Frederick Hammersley: West Coast Hard Edge Abstraction, Pt3

Frederick Hammersley was perhaps the most critically acclaimed of the first generation west coast hard-edge painters.  Having been one of the four participants in the landmark Four Abstract Classicists exhibition in 1959, his place within the history of the art movement was firmly established.  The show’s organizer,  Jules Langsner coined the term “hard edge” in his essay for the catalogue:

“Abstract Classicist painting is hard-edged painting. Forms are finite, flat, rimmed by a hard clean edge. These forms are not intended to evoke in the spectator any recollections of specific shapes he may have encountered in some other connection. They are autonomous shapes, sufficient unto themselves as shapes.”

Hammersley received art training from an early age and continued through his young adulthood. ‘…he was stationed in Paris near the end of his service (Army Signal Corps, 1942-46), and he took the opportunity to attend the Ecole des Beaux-Arts in 1945. During this period, Hamersley met Pablo Picasso, Georges Braque and Constantin Brancusi, visited their studios and made sketches.’ (via wikipedia)

Hammersley divided his art into three categories: “hunches”,”geometrics”, and “organics”.

“Hunch” paintings, produced from 1953 to 1959, start by laying down an initial shape. Other shapes are successively added, and the whole evolves in unplanned ways. Hammersley explained: “My painting begins with a hunch, no plan, no theory, just a feeling to make a shape. That shape dictates what and where the next will go, and so on…”[3] The final canvas may be suggestive of a still-life or a landscape, although still quite abstract. Los Angeles Times art critic Christopher Miles wrote that “they show Hammersley to have been, from the start, as keen a student of Modernist style as he was of color and composition.”

“Geometrics” are orchestrated compositions of sharp geometric forms, painted from 1959 to 1964, and from 1965 to the mid-’90s. While more rigidly composed than Hunches, they still retain a degree of playfulness. A gridded canvas may have sections divided by diagonals or arcs. The triangles, squares, and other geometric shapes combine to form interlocking relationships to each other, creating a rhythmic composition with interchangeable positive and negative space.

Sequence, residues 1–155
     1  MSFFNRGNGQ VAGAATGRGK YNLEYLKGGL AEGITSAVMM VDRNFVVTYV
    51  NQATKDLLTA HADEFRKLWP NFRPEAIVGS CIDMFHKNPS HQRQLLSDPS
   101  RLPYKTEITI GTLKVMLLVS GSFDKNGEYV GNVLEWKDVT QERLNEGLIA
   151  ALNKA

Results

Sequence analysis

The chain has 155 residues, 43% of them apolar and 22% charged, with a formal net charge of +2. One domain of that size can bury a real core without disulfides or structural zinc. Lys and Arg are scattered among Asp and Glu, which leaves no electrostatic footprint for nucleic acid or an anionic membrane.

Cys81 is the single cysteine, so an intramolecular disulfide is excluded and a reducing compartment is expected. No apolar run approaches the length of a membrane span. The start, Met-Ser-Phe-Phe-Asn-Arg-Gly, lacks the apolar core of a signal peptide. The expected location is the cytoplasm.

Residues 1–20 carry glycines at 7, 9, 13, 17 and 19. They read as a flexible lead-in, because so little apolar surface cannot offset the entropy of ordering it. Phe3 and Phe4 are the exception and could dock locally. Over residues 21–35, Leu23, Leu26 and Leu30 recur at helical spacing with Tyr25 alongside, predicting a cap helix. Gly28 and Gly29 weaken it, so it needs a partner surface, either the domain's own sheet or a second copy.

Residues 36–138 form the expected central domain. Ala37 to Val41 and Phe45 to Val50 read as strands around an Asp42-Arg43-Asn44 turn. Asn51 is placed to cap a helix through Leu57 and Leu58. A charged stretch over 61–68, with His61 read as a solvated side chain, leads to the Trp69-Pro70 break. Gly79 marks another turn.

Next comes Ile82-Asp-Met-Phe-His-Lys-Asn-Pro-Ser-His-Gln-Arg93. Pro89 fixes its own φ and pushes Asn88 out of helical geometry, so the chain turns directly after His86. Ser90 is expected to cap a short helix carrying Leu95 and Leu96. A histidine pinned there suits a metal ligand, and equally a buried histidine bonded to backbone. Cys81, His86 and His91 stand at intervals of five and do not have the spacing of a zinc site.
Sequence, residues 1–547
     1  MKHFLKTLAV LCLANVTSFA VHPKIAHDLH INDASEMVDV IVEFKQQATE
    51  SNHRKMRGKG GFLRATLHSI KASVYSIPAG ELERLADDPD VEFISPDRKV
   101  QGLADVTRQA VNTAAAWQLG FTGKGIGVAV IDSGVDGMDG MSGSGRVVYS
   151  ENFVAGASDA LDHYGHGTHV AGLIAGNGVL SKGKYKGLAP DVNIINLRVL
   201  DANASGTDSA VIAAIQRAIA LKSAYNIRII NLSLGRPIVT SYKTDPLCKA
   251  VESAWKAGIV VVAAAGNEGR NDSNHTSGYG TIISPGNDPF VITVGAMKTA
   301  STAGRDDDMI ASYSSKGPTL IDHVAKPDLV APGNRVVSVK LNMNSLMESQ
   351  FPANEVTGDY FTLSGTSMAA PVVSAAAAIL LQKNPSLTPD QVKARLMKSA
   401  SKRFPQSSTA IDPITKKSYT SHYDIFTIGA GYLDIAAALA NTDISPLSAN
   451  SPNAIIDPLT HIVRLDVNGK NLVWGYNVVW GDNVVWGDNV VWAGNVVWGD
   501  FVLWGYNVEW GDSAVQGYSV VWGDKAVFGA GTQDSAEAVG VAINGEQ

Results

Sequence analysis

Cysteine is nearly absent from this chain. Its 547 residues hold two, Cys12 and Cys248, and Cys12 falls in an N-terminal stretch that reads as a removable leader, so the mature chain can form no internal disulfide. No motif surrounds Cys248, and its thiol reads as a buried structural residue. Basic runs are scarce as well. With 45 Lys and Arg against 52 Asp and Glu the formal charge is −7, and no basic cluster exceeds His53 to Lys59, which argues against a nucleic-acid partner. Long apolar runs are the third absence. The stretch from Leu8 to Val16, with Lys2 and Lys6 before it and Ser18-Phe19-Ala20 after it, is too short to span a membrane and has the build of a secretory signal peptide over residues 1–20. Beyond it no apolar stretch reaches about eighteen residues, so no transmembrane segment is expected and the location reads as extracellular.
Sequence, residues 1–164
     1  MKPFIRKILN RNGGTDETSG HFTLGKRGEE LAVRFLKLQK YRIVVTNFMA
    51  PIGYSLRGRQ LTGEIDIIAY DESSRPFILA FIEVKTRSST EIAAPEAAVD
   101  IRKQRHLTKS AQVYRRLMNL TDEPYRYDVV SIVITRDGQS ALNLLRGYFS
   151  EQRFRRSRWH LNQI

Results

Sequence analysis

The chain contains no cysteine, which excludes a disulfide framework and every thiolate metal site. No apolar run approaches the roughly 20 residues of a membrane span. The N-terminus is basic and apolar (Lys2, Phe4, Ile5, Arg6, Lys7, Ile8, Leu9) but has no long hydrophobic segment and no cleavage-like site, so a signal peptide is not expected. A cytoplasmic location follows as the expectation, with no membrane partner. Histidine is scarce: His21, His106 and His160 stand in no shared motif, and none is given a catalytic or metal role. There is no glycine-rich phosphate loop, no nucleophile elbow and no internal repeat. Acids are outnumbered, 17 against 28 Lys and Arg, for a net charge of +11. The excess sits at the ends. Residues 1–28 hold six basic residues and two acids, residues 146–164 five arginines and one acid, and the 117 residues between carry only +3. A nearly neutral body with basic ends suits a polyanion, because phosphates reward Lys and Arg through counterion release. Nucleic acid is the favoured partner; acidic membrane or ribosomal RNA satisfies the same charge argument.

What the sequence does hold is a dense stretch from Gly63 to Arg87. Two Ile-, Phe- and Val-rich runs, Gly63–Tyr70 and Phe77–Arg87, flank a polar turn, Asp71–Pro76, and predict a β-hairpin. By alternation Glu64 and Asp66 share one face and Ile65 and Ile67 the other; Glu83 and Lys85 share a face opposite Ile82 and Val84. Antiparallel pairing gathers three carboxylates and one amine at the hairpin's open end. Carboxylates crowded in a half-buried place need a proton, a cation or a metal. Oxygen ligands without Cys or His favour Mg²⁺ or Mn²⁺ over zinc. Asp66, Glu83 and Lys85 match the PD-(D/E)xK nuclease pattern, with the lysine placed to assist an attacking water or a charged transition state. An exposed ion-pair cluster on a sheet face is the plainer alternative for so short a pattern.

“Organics” consist of freely curving shapes inspired by the natural world. These works, produced in 1964 and from 1982 into the 2000s, also contain interlocking shapes, but, as Miles wrote, they “are more evocative and suggestive, with elements seeming to probe and penetrate, embrace and envelop one another. Particularly effective is the combination of hard breaks between colors from one shape to the next with gradations between colors within a shape. In Comes Out Eden, #8 (1994), shapes seem to fade in and out, to merge, dematerialize or change states – to behave like chameleons and run hot and cold.”– Christopher Miles, Ever True To Forms, Los Angeles Times, March 12, 2007

In 1968, Frederick Hammersley moved from Los Angeles to Albuquerque to teach at the University of New Mexico. Soon after his arrival at the university, sculptor Charles Mattox introduced Hammersley to the engineer who was in charge of the university’s new IBM mainframe computer. The possibility of image making facilitated by a computer captivated Hammersley’s imagination, and resulted in a series of over 72 drawings.

“I would write out what I wanted to be done, and then I would go to the computer center and look at the information and then type it out, resulting in the punched cards. I’d give it to the little man behind the door, and five minutes later, I’d get this drawing back. I’d sit down and make a change and give it to him…It was like eating peanuts. I mean, one thing would lead to another, and you just kept on chewing.” – Frederick Hammersley interviewed by Lawrence Weschler, January 2003

Hammersley worked with a wide variety of media over the course of his career, including sculpture, graphic design, lithography, serigraphy, collage and constructions.  A renewed interest in Hammersley’s work (and other Hard-Edge artists) sprouted in the mid-1990s, leading to a number of exhibitions and a degree of commercial success that he had previously never attained in his career.

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